RAID Lv 1: Grub fails to install!

Steven Davies-Morris sdavmor at
Fri Mar 9 16:05:34 UTC 2012

On 03/09/2012 06:49 AM, Liam Proven wrote:
> On 9 March 2012 05:42, Rigved Rakshit<r.phate at>  wrote:
>> Hi,
>> My friend also has a similar problem. His laptop came with fakeRAID, with
>> the drivers installed in Windows. This fakeRAID setup can be controlled via
>> BIOS. The solution suggested in this thread requires installing Linux using
>> mdadm. But, will that cause a problem with the Windows install? My friend
>> does not want to lose his original Windows install. Is there a way to
>> install Ubuntu to such a system?
> Wrong tool.
> `mdadm` is for administering Linux software RAIDs. These are not
> compatible with firmware fakeRAID, at all, ever.
> There /is/ a Linux tool, `dmraid`, which is used to manipulate
> firmware fakeRAIDs. I have not tried it.
> I *really* would not recommend it.
> FakeRAID is a hack designed to get around manufacturer-imposed
> restrictions in Windows and Mac OS X workstation editions. Both these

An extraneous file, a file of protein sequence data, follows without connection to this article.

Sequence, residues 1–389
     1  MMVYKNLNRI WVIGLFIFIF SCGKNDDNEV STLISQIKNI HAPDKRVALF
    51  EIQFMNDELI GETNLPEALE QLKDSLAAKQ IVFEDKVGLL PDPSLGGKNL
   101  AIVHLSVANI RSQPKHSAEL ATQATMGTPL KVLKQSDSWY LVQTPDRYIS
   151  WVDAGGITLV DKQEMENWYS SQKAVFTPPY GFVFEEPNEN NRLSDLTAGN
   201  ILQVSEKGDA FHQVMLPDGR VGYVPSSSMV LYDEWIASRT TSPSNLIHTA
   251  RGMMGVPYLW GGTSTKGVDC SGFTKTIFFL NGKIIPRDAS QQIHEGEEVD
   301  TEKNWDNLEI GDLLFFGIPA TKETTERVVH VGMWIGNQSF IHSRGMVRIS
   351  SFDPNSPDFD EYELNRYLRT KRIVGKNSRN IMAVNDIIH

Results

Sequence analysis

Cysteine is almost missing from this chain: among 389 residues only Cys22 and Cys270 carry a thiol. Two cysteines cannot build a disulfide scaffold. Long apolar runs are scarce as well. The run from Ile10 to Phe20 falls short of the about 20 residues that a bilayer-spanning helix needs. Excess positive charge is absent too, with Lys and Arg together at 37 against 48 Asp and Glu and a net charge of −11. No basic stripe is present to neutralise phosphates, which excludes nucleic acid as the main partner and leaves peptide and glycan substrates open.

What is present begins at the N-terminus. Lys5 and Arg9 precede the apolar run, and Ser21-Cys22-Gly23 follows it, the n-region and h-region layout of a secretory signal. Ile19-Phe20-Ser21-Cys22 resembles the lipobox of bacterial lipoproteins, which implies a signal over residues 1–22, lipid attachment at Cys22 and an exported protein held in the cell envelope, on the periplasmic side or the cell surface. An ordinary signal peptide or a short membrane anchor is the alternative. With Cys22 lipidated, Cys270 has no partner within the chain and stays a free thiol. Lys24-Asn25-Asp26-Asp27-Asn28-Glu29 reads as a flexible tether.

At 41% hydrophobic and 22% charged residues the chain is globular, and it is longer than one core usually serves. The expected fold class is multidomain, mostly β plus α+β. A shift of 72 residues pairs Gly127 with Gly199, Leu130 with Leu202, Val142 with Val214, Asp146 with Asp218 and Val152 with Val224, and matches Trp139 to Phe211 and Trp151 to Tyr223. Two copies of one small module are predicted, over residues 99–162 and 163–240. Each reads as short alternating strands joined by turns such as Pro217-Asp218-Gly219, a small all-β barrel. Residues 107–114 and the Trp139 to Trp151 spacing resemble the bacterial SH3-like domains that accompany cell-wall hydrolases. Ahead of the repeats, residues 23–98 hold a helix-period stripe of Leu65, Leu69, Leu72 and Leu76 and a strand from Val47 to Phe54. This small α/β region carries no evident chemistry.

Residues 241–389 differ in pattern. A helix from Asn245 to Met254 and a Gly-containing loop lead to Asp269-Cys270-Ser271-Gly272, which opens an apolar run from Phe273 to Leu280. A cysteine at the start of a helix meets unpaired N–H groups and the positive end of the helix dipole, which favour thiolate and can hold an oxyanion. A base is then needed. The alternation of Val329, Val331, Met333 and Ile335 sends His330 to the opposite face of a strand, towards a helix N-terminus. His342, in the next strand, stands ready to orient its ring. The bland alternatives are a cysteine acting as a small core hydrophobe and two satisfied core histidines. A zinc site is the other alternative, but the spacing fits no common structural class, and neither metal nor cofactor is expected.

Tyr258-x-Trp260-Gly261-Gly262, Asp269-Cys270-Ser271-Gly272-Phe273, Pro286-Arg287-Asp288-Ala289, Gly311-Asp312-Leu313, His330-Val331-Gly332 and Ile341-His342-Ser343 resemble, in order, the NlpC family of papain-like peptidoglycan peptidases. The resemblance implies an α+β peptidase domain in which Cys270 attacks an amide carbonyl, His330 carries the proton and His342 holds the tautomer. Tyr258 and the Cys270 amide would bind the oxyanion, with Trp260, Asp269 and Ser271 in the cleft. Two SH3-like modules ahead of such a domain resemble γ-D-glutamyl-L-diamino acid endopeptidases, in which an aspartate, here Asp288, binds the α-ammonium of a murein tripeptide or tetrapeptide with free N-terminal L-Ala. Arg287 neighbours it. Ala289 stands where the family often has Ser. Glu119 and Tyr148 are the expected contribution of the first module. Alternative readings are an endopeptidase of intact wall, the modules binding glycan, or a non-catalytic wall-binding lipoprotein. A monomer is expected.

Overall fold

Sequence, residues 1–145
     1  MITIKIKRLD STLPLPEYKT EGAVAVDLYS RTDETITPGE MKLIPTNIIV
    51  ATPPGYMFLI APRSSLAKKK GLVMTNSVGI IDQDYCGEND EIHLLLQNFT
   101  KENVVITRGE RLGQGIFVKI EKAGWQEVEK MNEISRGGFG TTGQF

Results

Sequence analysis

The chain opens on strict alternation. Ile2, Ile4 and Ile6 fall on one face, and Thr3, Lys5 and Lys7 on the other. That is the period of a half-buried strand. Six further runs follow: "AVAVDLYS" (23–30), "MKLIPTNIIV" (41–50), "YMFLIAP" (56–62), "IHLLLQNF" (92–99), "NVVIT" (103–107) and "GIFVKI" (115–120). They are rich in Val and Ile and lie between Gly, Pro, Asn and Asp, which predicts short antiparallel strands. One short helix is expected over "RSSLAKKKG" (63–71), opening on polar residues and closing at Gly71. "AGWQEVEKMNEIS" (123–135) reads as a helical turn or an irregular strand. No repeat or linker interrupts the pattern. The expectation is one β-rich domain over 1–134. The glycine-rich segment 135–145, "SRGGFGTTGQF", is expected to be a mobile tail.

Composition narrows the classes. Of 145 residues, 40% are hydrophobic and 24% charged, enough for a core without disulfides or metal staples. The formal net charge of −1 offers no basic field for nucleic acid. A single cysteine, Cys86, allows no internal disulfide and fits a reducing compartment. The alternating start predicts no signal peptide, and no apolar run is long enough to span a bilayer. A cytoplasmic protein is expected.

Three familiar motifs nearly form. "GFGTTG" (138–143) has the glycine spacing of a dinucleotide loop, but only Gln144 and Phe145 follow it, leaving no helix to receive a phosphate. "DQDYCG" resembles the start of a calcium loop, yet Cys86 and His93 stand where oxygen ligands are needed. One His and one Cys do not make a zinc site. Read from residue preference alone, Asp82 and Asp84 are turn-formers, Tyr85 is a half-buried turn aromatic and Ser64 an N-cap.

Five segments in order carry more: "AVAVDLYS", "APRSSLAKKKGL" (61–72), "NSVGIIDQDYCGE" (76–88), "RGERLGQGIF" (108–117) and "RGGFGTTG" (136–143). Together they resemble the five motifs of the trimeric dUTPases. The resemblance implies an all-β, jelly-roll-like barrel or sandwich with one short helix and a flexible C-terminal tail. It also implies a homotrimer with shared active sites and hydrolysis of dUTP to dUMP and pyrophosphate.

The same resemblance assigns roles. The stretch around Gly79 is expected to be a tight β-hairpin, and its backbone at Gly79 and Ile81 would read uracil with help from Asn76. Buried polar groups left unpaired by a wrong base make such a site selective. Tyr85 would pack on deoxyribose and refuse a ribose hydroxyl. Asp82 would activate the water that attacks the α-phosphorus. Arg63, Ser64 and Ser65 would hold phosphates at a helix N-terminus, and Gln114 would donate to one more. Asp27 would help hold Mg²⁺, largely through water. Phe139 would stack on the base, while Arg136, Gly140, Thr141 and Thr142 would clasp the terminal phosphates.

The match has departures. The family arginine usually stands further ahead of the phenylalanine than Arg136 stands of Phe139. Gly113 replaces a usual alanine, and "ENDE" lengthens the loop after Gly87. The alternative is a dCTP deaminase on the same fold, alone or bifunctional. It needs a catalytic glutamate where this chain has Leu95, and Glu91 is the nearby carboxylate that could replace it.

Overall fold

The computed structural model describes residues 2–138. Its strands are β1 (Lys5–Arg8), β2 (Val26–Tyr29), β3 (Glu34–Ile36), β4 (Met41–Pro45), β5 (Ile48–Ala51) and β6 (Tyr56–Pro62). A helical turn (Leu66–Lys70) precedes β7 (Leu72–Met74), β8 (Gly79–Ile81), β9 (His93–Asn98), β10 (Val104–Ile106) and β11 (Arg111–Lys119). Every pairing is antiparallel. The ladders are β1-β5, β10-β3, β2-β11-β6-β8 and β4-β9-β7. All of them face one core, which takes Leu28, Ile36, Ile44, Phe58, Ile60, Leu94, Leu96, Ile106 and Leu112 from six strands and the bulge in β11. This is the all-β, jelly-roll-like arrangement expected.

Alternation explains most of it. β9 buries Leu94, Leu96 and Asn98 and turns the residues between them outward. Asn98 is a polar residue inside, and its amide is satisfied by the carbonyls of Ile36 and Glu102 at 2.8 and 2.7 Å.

> OSs are perfectly capable of creating, using and managing software
> RAID arrays but the vendors block you from doing this because that is
> a feature of the expensive server editions.
> FakeRAID works by lying to the OS' disk device driver, or by
> installing modified disk device drivers. This is not an approach that
> plays well with dual-booting. A small change on one side could well
> completely erase the arrays of the other OS.
> It's there. Use it at your own risk. I use RAID a lot and I would not
> touch it myself. You /might/ - I emphasize MIGHT - be able to get a
> separate Linux install on an actual disk to mount and read a Windows
> fakeRAID array. I suspect that trying to *install* Linux onto such an
> array is an exercise that will result in long days of repartitioning,
> reformatting, and reinstalling multiple OSs over and over and OVER
> again... and that the end result would be about as stable as an
> elephant balancing on a traffic cone on one foot.
> Since the entire objective of RAID is stability, this seems extremely
> self-defeating to me.
> Buy more disks, or break the array and use one disk for Windows and
> one for Linux.

+1. That all sounds like excellent adivice to me.
SDM a 21st century schizoid man in SoCal
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